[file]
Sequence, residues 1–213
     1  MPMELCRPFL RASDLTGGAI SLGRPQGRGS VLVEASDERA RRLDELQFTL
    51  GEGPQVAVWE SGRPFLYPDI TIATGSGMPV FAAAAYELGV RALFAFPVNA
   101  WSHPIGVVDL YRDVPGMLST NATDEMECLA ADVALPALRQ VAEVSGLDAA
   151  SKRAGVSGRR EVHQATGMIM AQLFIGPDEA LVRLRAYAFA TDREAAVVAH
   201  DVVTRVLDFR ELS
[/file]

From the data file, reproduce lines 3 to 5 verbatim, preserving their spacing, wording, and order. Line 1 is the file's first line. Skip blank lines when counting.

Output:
    51  GEGPQVAVWE SGRPFLYPDI TIATGSGMPV FAAAAYELGV RALFAFPVNA
   101  WSHPIGVVDL YRDVPGMLST NATDEMECLA ADVALPALRQ VAEVSGLDAA
   151  SKRAGVSGRR EVHQATGMIM AQLFIGPDEA LVRLRAYAFA TDREAAVVAH